LED lamp facts for kids
A LED lamp is a product that uses a Light-emitting diode and that is assembled into a lamp or a light bulb. LED lamps last much longer, and are more efficient than incandescent lamps. Many LED lamps are also better than fluorescent lamps.
Unlike fluorescent lamps, most LED lamps do not need to "warm up" before they emit the full amount of light.
LED lamps are used for both general and special-purpose lighting. Where colored light is needed, LEDs that inherently emit light of a single color require no energy-absorbing filters.
White-light LED lamps have longer life expectancy and higher efficiency (more light for the same electricity) than most other lighting when used at the proper temperature. LED sources are compact, which gives flexibility in designing lighting fixtures and good control over the distribution of light with small reflectors or lenses. Because of the small size of LEDs, control of the spatial distribution of illumination is extremely flexible, and the light output and spatial distribution of an LED array can be controlled with no efficiency loss.
LEDs using the color-mixing principle can emit a wide range of colors by changing the proportions of light generated in each primary color. This allows full color mixing in lamps with LEDs of different colors. Unlike other lighting technologies, LED emission tends to be directional (or at least Lambertian), which can be either advantageous or disadvantageous, depending on requirements. For applications where non-directional light is required, either a diffuser is used, or multiple individual LED emitters are used to emit in different directions.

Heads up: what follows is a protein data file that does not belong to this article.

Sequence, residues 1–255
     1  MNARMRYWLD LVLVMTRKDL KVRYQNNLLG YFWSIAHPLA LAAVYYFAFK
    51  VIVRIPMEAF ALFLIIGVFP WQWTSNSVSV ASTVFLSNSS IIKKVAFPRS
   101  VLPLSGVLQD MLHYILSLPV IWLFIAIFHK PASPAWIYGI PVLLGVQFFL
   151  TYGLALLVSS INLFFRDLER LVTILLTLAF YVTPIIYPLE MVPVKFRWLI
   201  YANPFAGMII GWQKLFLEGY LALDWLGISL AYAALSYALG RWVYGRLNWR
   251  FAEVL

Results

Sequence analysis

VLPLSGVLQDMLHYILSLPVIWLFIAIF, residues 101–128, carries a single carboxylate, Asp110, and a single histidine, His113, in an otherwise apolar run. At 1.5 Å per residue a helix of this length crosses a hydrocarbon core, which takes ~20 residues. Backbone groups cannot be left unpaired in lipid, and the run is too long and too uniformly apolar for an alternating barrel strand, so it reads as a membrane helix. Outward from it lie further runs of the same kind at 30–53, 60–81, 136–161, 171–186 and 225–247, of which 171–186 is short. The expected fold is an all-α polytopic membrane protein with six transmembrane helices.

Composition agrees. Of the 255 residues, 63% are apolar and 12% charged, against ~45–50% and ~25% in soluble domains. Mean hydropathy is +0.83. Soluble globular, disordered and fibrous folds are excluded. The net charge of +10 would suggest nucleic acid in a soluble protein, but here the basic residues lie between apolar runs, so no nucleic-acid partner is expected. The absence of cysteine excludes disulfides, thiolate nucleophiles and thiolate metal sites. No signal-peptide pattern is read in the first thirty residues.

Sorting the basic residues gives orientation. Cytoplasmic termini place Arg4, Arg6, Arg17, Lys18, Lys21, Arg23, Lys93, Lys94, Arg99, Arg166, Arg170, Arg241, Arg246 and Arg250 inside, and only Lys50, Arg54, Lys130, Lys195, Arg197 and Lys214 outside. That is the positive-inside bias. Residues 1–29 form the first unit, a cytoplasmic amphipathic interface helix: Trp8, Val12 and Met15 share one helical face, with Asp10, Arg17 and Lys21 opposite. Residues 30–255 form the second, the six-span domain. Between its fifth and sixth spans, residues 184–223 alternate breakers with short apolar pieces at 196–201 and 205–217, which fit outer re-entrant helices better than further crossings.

Household LED lamp
Lamp sizes and bases
LED lamps are made with standard lamp connections and shapes, such as an Edison screw base, an MR16 shape with a bi-pin base, or a GU5.3 (bi-pin cap) or GU10 (bayonet fitting) and are made compatible with the voltage supplied to the sockets. They include driver circuitry to rectify the AC power and convert the voltage to an appropriate value, usually a switched-mode power supply.
As of 2010[update] some LED lamps replaced higher wattage bulbs; for example, one manufacturer claimed a 16-watt LED lamp was as bright as a 150 W halogen lamp. A standard general-purpose incandescent bulb emits light at an efficiency of about 14 to 17 lumens/W depending on its size and voltage. According to the European Union standard, an energy-efficient lamp that claims to be the equivalent of a 60 W tungsten lamp must have a minimum light output of 806 lumens.
Some models of LED lamps are compatible with dimmers as used for incandescent lamps. LED lamps often have directional light characteristics. These lamps are more power-efficient than compact fluorescent lamps and offer lifespans of 30,000 or more hours, reduced if operated at a higher temperature than specified. Incandescent lamps have a typical life of 1,000 hours, and compact fluorescents about 8,000 hours. The lamps maintain output light intensity well over their lifetimes. Energy Star specifications require the lamps to typically drop less than 10% after 6,000 or more hours of operation, and in the worst case not more than 15%. LED lamps are available with a variety of color properties. The purchase price is higher than most other lamps, but the higher efficiency may make total cost of ownership (purchase price plus cost of electricity and changing bulbs) lower.